Now comes the fun part – there are so many cool things being done with projection displays and, as laser displays become more available, this is sure to explode. Projection displays incorporate tools that help students and teachers interact with each other and with the content being displayed.

New software tools allow teachers to manage student devices for two-way content sharing – both pulling student screens to the display and pushing content to each student device.  This is great when educators are teaching a math lesson, for example. The teacher can teach the lesson to the whole class and then push a math problem to each device. When students complete the math problem, teachers can show multiple students’ work on the large display.

This is extremely important in today’s Common Core era where educators help students learn from both correct and incorrect answers. This also provides great discussion opportunities for students to delve deeper into the problem being solved.

(Next page: Projectors for tech beginners; projection for virtual trips and AR)

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What do students really think of math? And does it matter?

When it comes to interest in math, 51 percent of students participating in a recent survey said they are naturally interested, while 25 percent cited a good teacher sparked their interest, and 11 percent said the prospect of a better college and career path is what motivates them.

The figures come from a survey sponsored by The Moody’s Foundation and unveiled by the Society for Industrial and Applied Mathematics. All students in the survey are participants in the Moody’s Mega Math (M3) Challenge, a national mathematics competition that involves high school juniors and seniors committing a 14-hour weekend day to using mathematical modeling to recommend solutions for real-world problems.

When grappling with a mathematics problem, almost one-third said they keep at it until they come up with an answer, with two-thirds reaching out to a teacher, the internet or a friend. When learning math, 64 percent of students said understanding the underlying concepts behind the formulas works best for them, while 23 percent cited practice at solving math problems to be most effective.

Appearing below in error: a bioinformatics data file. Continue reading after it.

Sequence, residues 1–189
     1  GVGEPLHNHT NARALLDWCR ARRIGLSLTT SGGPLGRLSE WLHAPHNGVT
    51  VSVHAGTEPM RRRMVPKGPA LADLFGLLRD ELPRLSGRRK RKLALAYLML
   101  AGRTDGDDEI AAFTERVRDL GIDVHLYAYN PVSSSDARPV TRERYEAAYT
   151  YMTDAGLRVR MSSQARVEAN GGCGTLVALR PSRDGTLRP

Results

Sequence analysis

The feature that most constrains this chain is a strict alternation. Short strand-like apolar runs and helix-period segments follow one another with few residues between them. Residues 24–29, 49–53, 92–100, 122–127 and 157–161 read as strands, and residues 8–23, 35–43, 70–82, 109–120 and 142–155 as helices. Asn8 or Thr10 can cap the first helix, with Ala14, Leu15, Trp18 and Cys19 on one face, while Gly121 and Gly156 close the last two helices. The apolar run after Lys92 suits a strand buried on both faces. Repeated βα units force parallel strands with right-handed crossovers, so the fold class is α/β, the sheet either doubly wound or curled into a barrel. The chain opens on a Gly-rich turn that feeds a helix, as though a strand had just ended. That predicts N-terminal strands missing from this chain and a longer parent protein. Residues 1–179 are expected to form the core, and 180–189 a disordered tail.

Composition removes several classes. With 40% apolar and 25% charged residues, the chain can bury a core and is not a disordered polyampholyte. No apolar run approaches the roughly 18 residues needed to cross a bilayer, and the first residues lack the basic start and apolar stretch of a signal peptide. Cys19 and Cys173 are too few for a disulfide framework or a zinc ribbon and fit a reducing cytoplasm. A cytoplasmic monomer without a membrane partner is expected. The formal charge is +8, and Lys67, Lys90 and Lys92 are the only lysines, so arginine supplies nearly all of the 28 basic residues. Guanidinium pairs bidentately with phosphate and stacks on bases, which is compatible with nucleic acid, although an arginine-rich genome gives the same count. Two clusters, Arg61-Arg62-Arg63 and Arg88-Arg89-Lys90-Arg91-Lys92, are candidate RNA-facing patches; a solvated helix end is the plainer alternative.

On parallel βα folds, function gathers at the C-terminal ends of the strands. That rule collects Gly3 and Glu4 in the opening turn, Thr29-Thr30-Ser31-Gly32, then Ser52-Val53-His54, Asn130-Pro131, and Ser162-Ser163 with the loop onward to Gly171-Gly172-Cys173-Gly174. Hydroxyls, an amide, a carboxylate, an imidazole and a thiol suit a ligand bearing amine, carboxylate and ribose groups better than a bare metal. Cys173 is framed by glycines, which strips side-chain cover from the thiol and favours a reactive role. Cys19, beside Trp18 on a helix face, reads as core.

The Moody’s survey follows the December 2016 unveiling of results of an international math quiz by Paris-based Organization for Economic Cooperation and Development (OECD) that showed U.S. high school students lag behind their global peers in math, ranking 40th in math out of 72 countries last year. The U.S. score was down 17 points from 2009 and 20 points below the average of others taking the quiz, which saw Singapore come out on top, followed by Japan, Estonia, Finland and Canada.

(Next page: How poor mathematics skills can determine college success)

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Why education is really a relationship business

For all our conversations about edtech and curriculum and funding and unions and building schools and transportation and testing and every other thing, education is about people.

More specifically, education is about relationships. Nothing happens in education without relationships. The relationship between a governor and his staff. The state’s relationship with its superintendents. The supe’s relationship with the board. The principal’s relationship with her teachers. And the teacher’s relationship with our learners. Top to bottom, education is a relationship business. It’s everything.

The Power of Story Telling and Communication in Education

Our ability to successfully communicate determines our success in almost every personal and professional relationship we have. Communication is a very nuanced thing. One of the reasons that translation software may never replace native speakers is the subtleties in language and context. It’s that command of subtleties that moves education. It allows us to exist and thrive and ultimately make changes in a world of bureaucracy that starts with a budget and ends with a child whose very future rests in our hands.

I love meeting people in the education biz. I like to hear each person’s unique story. What are they passionate about? What drives them to make a difference? Whether it’s the high school dropout who became a technology innovator, former investment banker who left riches behind to battle inequity as a public school teacher, the veteran principal whose single-minded focus from childhood was always to be an educator, or the struggling learner who was told she’d never go to college, yet earned a PhD, every single person in this field has a story to tell and important contribution to make.

The education industry is often and rightly called a small world, because when everyone is working toward a common good, we tend to cross paths often and become fast friends.

“Swimming in the Deep End”

One of my new friends is Jennifer Abrams. Jen is an author and speaker who travels the globe helping education-types communicate with each other. Jen is a breath of fresh air, and she puts the “can” in candid. She can be honest, direct, and to-the-point, all in a way that leaves all parties understanding the situation, objectives and, most importantly, each other. She knows that superior communication skills are a learned behavior, and fortunately for the education world, she shares these behaviors with school districts, ministries of education and independent schools at home and abroad.